I think that the semantic web’s failure is partly due to a subtle difference in the kind of data we are talking about and what we mean by a ‘data.’ Is a web factoid like ‘Britney Spears is dating Prince Charles’ (I made that up) data? How about a statement like ‘the fuel consumption of a Ferrari F50 is 75 liters/100 km’ (also made up)? Capturing the first factoid in an RDF statement is pretty trivial, the second is not so easy. If you have an engineering mindset, you’ll see the potential pitfalls of typos in units, unspecified conditions (at what speed?) and the likely requirement of other representations (fuel consumption in miles per gallon.) Right away we are confronted with a data modeling issue. And believe me, RDF may be simple up front, but modeling stuff of minimal complexity gives some impenetrable RDF ‘graphs’ in no time at all.

The SWOG workshop gave examples of both kinds of modeling. Geological constraints like the ‘Comblanchian is a member of the Dogger’ sound quite similar to the Britney Spears relationship. Such text-oriented factoids can be dumped into a triple store for machine ‘reasoning’. Chevron has reported using RDF to gather collections of factoids in a way that mirrors master data management—or as Chevron’s Frank Chum put it at the SWOG, ‘like a souped-up business intelligence system.’ On the other hand, the FIATECH/POSC Caesar ISO 15926 IDS/WIP*** is built around engineering data relationships like the Ferrari example above. This is an exciting extension of RDF-based modeling into the engineering world. The engineers have had to invent some RDF extensions to achieve this, possibly, for the purists, breaking a few eggs in the process.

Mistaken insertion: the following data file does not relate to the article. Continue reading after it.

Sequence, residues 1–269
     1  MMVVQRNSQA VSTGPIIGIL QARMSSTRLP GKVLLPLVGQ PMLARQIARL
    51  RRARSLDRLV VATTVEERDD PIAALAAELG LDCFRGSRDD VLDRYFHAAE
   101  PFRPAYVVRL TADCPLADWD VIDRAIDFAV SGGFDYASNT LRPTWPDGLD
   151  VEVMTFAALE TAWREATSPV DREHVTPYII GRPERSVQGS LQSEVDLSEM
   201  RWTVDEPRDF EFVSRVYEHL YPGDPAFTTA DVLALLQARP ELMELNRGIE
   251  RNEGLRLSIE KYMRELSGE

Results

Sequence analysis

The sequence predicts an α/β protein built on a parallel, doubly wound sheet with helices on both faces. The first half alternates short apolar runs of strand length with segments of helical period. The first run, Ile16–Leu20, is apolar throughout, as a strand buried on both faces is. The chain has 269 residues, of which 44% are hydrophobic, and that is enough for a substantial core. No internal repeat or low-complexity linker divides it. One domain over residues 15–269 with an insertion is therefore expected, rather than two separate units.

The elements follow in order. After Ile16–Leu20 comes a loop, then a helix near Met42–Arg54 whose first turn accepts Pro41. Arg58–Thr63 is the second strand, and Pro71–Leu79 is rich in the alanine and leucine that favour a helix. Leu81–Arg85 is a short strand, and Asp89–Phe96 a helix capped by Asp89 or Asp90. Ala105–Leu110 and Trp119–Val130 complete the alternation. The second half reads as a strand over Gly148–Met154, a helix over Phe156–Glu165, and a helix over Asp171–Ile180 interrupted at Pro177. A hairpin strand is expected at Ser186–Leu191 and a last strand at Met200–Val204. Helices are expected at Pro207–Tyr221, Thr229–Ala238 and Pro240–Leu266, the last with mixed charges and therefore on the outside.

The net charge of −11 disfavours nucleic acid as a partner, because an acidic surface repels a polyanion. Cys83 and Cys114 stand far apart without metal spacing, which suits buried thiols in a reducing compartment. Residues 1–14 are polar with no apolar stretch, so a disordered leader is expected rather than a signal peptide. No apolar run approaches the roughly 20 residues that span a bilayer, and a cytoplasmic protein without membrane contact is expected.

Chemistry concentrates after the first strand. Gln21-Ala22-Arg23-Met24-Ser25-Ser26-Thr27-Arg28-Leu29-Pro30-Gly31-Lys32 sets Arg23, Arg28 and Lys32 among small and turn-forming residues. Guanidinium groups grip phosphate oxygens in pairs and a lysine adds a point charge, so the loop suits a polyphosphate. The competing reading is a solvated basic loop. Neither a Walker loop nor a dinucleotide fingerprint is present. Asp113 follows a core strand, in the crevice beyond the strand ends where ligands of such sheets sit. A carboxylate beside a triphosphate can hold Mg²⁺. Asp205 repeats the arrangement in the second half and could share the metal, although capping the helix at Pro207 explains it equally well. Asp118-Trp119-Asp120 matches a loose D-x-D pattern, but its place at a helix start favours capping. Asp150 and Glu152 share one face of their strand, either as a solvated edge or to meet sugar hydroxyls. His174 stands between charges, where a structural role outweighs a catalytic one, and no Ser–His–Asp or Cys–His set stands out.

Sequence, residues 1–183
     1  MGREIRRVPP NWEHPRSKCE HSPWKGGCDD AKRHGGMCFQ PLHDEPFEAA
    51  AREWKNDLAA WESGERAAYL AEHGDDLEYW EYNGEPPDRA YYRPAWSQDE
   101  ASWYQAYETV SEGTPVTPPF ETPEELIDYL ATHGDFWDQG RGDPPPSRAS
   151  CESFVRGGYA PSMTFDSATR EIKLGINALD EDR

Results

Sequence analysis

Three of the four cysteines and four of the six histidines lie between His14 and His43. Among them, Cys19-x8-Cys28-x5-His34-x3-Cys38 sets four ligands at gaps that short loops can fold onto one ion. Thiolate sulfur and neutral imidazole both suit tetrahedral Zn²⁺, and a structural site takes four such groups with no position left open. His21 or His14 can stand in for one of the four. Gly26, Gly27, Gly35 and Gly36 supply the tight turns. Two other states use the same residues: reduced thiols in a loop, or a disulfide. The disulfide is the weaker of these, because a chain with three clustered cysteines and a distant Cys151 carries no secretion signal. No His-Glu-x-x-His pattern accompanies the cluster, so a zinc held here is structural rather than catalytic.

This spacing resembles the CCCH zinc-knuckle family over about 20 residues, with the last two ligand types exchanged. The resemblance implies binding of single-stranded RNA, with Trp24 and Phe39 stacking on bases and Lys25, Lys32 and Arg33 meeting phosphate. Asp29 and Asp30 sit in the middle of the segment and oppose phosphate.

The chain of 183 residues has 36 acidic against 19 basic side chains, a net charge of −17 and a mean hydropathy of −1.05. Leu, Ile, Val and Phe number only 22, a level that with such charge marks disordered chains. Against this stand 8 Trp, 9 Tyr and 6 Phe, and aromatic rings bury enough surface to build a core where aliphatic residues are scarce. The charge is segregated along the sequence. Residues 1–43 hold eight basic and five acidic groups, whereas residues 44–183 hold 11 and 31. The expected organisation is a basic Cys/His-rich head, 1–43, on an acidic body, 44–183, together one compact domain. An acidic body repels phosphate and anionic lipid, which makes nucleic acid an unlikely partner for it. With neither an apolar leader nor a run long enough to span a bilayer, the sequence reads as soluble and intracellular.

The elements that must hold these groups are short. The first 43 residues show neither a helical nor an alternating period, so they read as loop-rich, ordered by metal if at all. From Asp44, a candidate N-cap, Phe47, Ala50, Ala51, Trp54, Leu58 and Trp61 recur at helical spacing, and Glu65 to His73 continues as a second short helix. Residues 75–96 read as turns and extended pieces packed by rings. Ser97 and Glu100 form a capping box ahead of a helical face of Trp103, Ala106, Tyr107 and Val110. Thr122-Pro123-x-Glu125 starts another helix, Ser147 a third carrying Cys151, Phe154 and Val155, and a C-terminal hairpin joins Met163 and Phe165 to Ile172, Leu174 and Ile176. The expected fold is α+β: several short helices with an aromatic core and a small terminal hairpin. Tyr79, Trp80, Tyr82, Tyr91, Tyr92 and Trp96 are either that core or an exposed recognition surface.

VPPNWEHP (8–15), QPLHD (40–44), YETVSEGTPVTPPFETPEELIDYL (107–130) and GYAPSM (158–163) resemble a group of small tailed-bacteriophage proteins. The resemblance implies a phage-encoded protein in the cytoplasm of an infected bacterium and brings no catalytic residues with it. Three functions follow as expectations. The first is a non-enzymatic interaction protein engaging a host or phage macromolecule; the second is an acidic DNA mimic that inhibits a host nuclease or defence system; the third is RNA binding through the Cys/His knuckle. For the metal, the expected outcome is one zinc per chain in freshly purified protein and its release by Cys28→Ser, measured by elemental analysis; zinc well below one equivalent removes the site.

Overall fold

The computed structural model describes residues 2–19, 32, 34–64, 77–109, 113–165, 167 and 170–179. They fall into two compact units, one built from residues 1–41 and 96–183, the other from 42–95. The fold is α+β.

The ISO 15926 is a flagship project not just for oil and gas but for the semantic web at large. Not the least for the new peer to peer deployment of the iRING (page 1).

One facet of meetings like the SWOG is the facility with which difficult terms are bandied about. My favorite is ‘ontology.’ If I had a penny for everyone who has heard this term used without having a clue what it means I would probably have enough to buy that Ferrari by now.

After the event, I signed up with the ‘ontolog’ online community***. I was not disappointed. Ontology is an Alice in Wonderland concept that can mean whatever you like. From a list of ‘stuff,’ through hierarchies of more ‘stuff’ to a categorization of the whole of human existence!

I found this of great comfort and have now downloaded Protégé and am busy inputting factoids from the modern politico-economic situation. I’m also hard at work on my political upper ontology—although I’m having a little trouble disambiguating ‘liberal’ from its American and European contexts. But I’m nearly there. Next month I hope to report on progress in fixing the world economic crisis and provide a definitive solution to the liberal/conservative schism that has held up progress for so long. Yes we can!

* www.oilit.com/links/0901_6

** www.oilit.com/links/0901_8

*** www.oilit.com/links/0901_9

**** www.oilit.com/links/0901_10